Out of 12 Sub Saharan African countries captured by Ecobank Research, Ghana placed 8th in terms of countries with the most expensive fuel prices.
According to data by the renowned research outfit, Nigeria which is the largest producer of oil in Africa has the least expensive fuel prices.
A litre of fuel costs about US$0.42 in Nigeria compared with about US$0.82 in Ghana, approximately GH¢3.21.
Interestingly, Angola which is the second largest producer of oil in Africa placed 5th with a litre of petrol going for aboutUS$0.835. This also confirms why the Portuguese speaking nation’s capital, Luanda is one of the most expensive places to live in Africa.
The Democratic Republic of Congo placed first with a litre of fuel going for about US$1.30 followed by Burundi with a litre of fuel going for US$1.15. Rwanda and Cameroon were 4th and 5th with a litre of fuel selling at about US$1.03 and US$1.01 respectively.
For the 6th and 7th positions were Uganda and Ivory Coast with a litre of fuel going for about US$0.835 and US$0.834 respectively.
Kenya, Tanzania, Mozambique and Nigeria placed 9th, 10th, 11th and 12th respectively.
Out of the 12 countries surveyed, five of them are oil producing country. They are Nigeria, Angola, Cameroon, Ghana and Ivory Coast.
Presently, a litre of petrol is going for about GH¢3.23 while that of diesel is being sold for about GH¢3.20 on the pump market.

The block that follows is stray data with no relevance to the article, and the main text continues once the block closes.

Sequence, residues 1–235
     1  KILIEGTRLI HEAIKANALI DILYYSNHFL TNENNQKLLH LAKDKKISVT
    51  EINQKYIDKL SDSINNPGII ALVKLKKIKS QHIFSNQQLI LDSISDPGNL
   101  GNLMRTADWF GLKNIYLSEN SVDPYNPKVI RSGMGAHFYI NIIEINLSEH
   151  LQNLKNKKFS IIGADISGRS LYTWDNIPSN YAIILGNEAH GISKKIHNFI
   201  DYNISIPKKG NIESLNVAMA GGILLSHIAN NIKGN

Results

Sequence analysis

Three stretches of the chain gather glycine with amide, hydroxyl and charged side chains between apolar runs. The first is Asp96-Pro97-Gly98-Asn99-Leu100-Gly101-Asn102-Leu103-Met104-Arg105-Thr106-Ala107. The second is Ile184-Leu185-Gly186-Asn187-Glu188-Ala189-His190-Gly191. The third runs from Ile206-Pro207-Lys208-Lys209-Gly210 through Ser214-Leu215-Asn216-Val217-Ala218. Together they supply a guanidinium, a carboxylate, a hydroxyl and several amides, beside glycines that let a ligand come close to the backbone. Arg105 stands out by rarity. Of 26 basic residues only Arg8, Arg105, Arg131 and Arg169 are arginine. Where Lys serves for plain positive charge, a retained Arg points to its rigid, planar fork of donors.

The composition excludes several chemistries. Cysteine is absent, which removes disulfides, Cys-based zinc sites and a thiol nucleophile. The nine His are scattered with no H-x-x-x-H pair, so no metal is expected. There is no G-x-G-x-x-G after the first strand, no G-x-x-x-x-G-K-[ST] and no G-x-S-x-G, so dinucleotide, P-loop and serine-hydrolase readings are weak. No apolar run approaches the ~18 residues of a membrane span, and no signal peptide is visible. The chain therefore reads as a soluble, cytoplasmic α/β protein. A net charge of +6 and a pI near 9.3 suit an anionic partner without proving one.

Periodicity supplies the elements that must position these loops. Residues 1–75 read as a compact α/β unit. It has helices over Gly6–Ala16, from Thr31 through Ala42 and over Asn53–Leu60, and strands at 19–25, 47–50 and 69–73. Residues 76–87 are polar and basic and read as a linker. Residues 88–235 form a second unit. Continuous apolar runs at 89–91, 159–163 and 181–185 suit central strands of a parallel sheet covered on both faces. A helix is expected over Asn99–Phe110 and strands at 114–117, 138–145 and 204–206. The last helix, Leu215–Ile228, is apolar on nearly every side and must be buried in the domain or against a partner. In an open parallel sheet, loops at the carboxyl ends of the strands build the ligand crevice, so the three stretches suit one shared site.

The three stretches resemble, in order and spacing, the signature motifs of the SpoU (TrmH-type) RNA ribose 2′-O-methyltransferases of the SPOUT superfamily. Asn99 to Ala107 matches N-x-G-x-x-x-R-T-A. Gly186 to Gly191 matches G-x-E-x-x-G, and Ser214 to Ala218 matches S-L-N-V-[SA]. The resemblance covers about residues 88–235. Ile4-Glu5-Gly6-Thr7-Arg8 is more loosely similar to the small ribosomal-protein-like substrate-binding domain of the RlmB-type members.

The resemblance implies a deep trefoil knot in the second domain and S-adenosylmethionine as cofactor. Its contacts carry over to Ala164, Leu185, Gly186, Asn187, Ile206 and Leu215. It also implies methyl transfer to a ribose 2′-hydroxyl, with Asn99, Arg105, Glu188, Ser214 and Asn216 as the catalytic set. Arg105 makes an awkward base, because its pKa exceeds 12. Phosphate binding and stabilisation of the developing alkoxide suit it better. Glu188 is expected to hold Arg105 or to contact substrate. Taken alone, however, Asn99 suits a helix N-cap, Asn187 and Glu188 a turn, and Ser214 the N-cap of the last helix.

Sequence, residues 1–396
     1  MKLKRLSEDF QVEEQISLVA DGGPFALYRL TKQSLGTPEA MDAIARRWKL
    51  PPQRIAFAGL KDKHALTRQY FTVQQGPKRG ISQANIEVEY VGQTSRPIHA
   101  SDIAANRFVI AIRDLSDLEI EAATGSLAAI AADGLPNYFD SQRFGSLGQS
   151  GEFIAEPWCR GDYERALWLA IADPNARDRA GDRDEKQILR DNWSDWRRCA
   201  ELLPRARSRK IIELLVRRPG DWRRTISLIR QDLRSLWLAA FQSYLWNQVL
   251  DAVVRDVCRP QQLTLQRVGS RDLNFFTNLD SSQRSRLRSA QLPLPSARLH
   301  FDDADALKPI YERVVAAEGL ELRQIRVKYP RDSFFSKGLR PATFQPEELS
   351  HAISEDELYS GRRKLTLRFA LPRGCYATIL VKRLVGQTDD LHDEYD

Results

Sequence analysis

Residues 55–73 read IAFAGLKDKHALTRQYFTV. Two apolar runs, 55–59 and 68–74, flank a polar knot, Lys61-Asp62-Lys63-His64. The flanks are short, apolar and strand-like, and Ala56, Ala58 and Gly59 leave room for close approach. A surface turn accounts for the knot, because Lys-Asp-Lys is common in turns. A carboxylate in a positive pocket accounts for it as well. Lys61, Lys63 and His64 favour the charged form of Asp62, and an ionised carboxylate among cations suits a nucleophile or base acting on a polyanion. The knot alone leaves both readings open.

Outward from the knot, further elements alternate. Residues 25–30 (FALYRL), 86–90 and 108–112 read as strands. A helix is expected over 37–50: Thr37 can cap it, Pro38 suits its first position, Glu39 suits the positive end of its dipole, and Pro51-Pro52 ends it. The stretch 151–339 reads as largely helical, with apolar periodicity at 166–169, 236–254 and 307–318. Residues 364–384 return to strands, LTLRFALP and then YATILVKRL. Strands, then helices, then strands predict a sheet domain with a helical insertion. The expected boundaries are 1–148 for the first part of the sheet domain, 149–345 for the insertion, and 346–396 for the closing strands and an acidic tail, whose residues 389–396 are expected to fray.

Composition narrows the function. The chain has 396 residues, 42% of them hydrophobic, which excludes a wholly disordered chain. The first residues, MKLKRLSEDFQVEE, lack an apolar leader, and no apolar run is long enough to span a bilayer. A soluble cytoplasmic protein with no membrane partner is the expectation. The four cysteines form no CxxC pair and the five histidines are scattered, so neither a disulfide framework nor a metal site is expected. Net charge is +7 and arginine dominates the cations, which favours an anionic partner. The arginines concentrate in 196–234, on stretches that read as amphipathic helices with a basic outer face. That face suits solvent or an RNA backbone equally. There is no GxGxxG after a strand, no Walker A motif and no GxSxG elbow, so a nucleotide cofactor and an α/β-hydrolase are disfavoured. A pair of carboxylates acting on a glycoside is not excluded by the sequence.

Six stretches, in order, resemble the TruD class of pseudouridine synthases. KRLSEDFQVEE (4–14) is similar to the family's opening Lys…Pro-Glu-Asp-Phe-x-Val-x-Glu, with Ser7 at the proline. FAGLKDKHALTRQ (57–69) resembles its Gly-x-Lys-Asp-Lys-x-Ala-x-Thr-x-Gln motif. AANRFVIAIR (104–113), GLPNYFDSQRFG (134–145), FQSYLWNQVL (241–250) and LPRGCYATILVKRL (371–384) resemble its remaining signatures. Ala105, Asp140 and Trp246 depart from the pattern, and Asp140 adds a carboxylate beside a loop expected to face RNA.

Meanwhile, Ghana’s oil production averaged 110,000 barrels per day in 2015 and the production level is expected to be sustained in 2016 despite Jubilee oil downtime.
According to a report, production from TEN is expected to augment volume lost during Jubilee’s downtime. The project remains subjected to international border dispute between Cote d’Ivoire and Ghana with judgment from International Tribunal for the Law of the Sea (ITLOS) in The Hague expected in 2017.
Additional revenue from TEN is likely to help enhance Tullow’s financial position after the company recorded losses in 2014 and 2015 due to decline in oil price and high impairment of assets and exploration cost.
Based on existing fields and field development plans, Ghana’s crude oil output is projected to hit more than 240,000 barrels per day by 2019, Ecobank Research earlier noted.
This could potentially make Ghana the fourth largest oil producer in Sub Saharan Africa by 2020, based on existing fields and planned field development in the top ten oil producing countries in the region.
Presently, Ghana is the 9th largest producer of oil in Africa with a production output of 103,000 barrels per day.
Nigeria is still the leader with a production capacity of 1.8 billion barrels per day followed by Angola with 1.7 billion barrels per day and Equatorial Guinea with 285,000 barrels per day. Neighbouring Ivory Coast produces 33,000 barrels of oil per day